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PH Spratlys work sparks China vessel buildup

/ 05:50 AM February 08, 2019

NOT JUST A BEACHING RAMP Reclamation work on the Philippine-occupied Pagasa (Thitu) Island in the South China Sea can be seen in these satellite images provided by Asia Maritime Transparency Initiative. —AMTI.CIS.ORG

China deployed a large paramilitary force in the South China Sea late last year in an apparent response to the ongoing construction by the Philippines on Pagasa (Thitu) Island, new satellite images showed.

The Washington-based think tank Asia Maritime Transparency Initiative (Amti) on Thursday said a handful of Chinese vessels had operated in the area between Zamora (Subi) Reef and Pagasa since July 2018.

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“But their numbers increased to at least 24 on Dec. 3, just before the current construction operations began. Their numbers [reached] a high of 95 on Dec. 20 before dropping to 42 by Jan. 26,” Amti said.

The report said the fishing boats generally anchored between 3.7 and 10 kilometers west of Pagasa, while Chinese naval and coast guard ships operated slightly farther away.

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China’s ‘cabbage strategy’

“This deployment is consistent with prior examples of China’s ‘cabbage strategy,’ which employs concentric layers of fishing, law enforcement and naval vessels around contested areas,” the report said.

Amti has said that these vessels, which intimidate other claimants in the South China Sea and do not actually fish, were part of China’s maritime militia.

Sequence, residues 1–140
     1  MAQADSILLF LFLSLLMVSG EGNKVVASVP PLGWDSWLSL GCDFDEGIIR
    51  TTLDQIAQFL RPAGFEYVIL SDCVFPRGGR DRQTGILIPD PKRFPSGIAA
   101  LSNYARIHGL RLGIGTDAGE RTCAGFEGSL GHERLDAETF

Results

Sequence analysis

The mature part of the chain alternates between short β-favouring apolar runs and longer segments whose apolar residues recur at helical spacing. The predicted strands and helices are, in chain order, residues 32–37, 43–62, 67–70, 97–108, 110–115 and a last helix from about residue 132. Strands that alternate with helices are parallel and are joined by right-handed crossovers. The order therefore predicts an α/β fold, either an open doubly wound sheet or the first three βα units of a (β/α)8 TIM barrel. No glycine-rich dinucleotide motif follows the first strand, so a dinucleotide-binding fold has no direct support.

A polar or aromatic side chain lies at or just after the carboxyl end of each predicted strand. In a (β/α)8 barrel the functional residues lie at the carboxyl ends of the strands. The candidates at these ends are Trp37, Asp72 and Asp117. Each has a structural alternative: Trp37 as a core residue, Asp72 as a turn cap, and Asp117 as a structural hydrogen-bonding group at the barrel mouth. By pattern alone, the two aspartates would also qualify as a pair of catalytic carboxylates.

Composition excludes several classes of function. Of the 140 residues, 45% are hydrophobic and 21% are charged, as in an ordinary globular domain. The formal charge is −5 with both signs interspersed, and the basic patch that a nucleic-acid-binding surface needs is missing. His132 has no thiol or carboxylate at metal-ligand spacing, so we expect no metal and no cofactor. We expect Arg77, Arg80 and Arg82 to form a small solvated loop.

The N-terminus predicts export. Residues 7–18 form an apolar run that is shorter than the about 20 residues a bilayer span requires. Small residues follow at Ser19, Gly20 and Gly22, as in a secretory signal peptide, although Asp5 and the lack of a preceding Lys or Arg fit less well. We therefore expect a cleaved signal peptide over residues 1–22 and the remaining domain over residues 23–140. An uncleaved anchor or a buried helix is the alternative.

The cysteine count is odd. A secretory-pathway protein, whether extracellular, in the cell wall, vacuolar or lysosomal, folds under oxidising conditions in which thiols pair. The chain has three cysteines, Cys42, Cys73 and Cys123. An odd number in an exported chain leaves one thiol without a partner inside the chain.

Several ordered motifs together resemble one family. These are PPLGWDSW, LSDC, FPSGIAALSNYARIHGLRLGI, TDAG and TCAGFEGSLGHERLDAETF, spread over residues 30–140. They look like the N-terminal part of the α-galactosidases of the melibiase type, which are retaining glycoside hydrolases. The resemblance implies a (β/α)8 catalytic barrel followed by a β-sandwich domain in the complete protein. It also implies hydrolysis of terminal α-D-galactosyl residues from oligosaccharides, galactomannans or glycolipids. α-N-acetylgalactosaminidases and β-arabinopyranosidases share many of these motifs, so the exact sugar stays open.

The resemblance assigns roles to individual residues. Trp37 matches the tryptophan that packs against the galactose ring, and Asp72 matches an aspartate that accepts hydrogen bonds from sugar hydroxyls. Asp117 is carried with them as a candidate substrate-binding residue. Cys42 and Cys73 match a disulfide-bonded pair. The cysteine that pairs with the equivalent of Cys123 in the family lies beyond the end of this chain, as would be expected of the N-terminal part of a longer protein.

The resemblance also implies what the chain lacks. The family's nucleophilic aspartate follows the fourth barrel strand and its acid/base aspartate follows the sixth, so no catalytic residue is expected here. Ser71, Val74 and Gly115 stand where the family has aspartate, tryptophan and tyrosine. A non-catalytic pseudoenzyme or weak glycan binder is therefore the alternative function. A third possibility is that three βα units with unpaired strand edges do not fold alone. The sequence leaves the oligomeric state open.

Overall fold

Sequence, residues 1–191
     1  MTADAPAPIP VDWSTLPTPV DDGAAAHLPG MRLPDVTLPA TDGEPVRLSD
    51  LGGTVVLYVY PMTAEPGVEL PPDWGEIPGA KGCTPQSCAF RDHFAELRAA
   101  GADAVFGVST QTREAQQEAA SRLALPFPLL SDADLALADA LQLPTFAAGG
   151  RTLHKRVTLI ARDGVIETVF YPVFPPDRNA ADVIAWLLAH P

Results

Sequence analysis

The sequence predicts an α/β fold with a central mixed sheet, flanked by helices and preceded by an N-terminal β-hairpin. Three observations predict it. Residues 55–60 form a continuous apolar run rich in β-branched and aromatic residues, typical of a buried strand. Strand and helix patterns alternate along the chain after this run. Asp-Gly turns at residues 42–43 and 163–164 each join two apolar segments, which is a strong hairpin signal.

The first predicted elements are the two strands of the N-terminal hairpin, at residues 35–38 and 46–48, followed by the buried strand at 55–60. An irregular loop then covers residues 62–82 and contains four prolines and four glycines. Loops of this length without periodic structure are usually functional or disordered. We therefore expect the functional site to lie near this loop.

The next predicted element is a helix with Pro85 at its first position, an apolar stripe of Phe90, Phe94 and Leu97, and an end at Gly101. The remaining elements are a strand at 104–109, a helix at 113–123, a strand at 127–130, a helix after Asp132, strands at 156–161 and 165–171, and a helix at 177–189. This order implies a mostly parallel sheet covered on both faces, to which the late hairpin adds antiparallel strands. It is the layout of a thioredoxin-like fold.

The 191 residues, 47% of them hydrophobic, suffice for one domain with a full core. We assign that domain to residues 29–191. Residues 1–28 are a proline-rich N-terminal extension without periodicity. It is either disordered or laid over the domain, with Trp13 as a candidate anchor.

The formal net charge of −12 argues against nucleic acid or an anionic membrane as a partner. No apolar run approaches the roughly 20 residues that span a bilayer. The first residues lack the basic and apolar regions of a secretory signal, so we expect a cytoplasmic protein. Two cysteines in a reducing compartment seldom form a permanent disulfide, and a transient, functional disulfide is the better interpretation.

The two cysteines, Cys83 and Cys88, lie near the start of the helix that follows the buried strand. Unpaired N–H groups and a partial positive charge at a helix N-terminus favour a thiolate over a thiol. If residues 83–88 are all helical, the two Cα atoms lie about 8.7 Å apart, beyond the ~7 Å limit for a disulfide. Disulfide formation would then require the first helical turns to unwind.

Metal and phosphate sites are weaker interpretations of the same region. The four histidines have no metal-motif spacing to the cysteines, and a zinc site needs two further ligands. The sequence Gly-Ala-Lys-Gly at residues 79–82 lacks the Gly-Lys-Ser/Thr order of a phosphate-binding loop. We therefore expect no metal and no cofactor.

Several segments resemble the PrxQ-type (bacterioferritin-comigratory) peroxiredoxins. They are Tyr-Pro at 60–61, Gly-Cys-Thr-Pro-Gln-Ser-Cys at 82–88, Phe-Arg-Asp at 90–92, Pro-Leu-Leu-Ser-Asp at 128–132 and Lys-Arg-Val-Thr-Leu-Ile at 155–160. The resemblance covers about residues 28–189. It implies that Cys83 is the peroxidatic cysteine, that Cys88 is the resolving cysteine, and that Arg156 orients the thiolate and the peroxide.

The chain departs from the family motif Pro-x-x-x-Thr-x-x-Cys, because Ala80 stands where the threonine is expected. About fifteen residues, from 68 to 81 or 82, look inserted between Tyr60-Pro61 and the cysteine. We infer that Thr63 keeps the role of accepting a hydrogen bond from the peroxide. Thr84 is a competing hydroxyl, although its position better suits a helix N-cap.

“The fishing vessels display all the hallmarks of belonging to China’s maritime militia, including having no gear in the water that would indicate fishing activity and disabling their [identification] transceivers to hide their activities,” the report said.

Reclamation work on the Philippine-occupied Pagasa (Thitu) Island in the South China Sea can be seen in these satellite images provided by Asia Maritime Transparency Initiative. —AMTI.CIS.ORG

Biggest PH-occupied island

Pagasa is the biggest of the nine Philippine-occupied islands in the Spratlys, inhabited by about a hundred civilians and a small detachment of troops.

In a satellite image taken on Dec. 20, a People’s Liberation Army Navy Jianghu-class frigate and a Chinese Coast Guard Zhaoduan-class cutter were seen near Pagasa Island.

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The Philippine Navy frigate BRP Ramon Alcaraz was also seen southeast of Pagasa.

“The … reduction of the militia presence, suggests Chinese forces have settled into a pattern of monitoring and intimidation after their initial large deployment failed to convince Manila to halt construction,” Amti said.

The report also said that the Philippines was working on a facility upgrade on Pagasa that was “more ambitious” than the construction of a beaching ramp.

It said images revealed “excavators depositing sand over an area of … more than 3.2 hectares or 32,000 square meters.”

“Once completed, the Philippines will have created 3.2 ha of reclaimed land in the Spratlys, compared to about 48 by Vietnam and 130 by China,” the report said.

But Defense Secretary Delfin Lorenzana maintained that the reclamation work on Pagasa was not as extensive as Amti claimed. —WITH A REPORT FROM JEANNETTE I. ANDRADE

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TAGS: Asia Maritime Transparency Initiative, China, Pagasa, Philippines, South China Sea, Spratlys, Zamora Reef
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